Springtech Day 1 - PDF Tags

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Crikey, the late morning and afternoon went by like a flash, so sorry that I didn't write an update.

Well, the afternoon looked at Acrobat in comparison to some of the other PDF products out there and we then moved on to talk about the various security features available in Acrobat.

It was a really useful session overall and I guess I just have one comment to put here regarding some of the other PDF products out there. We looked at various aspects of how these other systems created PDF and the quality of the finished article. Can I just say how genuinely stunned I was at the quite awful job some of these products did, I'll just pick on one element... Tagging!

PDF files can contain many things. At a minimum, a PDF contains the text, graphics, bookmarks, links and other elements of content that go to make up an electronic document.

In addition to content, PDF files may also include "structure". Structure is the term for a set of instructions that define the logic that binds the content together - the correct reading order, for example, the laguage being used in the document, and the presence and meaning of significant elements such as figures, lists, tables, and so on.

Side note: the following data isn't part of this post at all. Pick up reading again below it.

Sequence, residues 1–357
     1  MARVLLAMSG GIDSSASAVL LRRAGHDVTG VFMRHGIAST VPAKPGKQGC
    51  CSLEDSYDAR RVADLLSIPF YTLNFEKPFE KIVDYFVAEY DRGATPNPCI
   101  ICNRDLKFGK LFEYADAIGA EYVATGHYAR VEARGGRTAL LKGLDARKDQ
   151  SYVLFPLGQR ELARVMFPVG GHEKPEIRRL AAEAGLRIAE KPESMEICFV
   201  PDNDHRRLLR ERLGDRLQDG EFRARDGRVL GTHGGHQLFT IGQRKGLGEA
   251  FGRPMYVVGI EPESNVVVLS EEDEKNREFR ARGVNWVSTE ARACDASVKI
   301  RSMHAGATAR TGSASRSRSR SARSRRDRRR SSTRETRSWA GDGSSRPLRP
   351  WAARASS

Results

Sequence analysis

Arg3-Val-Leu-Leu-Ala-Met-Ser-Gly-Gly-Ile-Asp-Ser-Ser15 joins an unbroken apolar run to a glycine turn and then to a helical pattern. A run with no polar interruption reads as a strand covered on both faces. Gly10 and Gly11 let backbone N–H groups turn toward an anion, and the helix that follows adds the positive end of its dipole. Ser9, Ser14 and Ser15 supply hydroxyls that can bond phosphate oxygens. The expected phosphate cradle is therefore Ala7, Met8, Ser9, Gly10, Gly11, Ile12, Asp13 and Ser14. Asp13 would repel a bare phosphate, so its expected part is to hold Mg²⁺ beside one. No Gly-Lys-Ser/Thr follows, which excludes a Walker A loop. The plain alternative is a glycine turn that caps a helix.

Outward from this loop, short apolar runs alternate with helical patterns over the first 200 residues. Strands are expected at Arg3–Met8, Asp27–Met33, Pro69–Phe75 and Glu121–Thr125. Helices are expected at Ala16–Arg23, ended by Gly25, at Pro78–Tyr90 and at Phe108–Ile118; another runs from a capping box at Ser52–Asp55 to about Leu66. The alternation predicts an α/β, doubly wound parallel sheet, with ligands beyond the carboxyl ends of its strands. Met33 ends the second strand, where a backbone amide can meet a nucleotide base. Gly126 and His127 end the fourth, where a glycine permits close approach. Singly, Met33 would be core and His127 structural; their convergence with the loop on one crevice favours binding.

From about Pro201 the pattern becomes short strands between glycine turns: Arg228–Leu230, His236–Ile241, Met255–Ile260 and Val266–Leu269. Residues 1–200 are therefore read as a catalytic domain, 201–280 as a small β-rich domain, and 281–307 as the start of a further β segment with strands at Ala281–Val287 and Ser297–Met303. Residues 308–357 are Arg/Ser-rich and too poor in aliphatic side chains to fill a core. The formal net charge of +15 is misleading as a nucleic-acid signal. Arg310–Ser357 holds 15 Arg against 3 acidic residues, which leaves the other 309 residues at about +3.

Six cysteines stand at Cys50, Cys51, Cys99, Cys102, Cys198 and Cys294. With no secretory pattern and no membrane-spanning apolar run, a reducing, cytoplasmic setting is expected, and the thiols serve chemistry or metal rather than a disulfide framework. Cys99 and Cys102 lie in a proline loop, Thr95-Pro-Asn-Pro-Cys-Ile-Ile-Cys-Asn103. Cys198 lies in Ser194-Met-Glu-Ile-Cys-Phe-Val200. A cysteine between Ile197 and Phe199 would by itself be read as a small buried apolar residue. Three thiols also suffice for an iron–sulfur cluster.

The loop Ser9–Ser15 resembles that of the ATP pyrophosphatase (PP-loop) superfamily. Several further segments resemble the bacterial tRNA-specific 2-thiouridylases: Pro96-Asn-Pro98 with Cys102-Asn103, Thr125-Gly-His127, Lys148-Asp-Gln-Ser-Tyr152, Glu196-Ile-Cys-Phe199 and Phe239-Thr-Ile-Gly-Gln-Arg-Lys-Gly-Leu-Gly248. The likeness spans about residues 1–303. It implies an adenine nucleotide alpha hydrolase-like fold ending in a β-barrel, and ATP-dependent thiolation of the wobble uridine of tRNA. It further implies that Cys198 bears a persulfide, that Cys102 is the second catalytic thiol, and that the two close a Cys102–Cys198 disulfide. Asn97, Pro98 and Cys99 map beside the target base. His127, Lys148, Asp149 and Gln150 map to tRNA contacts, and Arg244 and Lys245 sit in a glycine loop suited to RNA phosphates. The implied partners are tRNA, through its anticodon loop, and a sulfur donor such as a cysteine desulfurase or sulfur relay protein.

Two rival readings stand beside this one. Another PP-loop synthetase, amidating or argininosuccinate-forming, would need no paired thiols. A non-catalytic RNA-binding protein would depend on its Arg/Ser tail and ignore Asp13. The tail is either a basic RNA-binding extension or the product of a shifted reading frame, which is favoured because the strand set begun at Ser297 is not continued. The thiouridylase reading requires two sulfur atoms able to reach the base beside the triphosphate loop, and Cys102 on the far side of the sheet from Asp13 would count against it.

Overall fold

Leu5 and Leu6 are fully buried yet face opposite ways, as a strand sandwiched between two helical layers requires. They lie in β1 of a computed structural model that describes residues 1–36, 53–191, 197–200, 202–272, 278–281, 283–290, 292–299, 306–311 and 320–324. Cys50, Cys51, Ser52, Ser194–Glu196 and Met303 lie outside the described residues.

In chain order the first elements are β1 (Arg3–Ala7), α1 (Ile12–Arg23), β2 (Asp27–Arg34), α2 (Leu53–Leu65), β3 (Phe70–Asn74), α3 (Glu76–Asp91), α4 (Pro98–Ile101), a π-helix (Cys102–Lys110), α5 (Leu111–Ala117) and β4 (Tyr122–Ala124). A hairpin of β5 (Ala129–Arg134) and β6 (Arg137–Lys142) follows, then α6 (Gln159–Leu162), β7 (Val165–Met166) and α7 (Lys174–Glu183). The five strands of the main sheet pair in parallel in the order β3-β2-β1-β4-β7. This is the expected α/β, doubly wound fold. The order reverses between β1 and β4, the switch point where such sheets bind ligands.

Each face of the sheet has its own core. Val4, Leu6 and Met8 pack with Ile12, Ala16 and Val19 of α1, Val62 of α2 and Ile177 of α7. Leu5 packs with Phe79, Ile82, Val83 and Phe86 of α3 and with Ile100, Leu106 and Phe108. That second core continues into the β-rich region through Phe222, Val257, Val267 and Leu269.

Tagging is a vital part of creating a PDF that will be genuinely useful for business, publishing, accessibility and well, just about everything.


Acrobat has a large number of tag types, over 30 I think. and these types recognise specific parts and elements of a document and will tag them accordingly so that the document structure is recorded and can be used by other systems. The tagging gets broken down into block elements.. Block-level elements are page elements that consist of text laid out in paragraph-like forms. Block-level elements are part of a document’s logical structure. Such elements are further classified as

Container elements
Heading and paragraph elements
Label and list elements
Special text elements
Table elements
Inline-level elements
Special inline-level elements

So, we have a way of expressing all of a documents constituent elements to either Acrobat itself or any other system.

I compared this to what I saw some other tools produce where every element was just called a Paragraph or worse, didn't even correctly recognise any structure within the document. Well I was really surprised, and not in a good way.

Put it this way, if you have any interest in Accessibility, Document Structure, I'd seriously ask questions about what's happening under the bonnet if you're looking at a non Adobe PDF tool.

...erm.... rant over :-)

More later this morning as Day 2 Commences!

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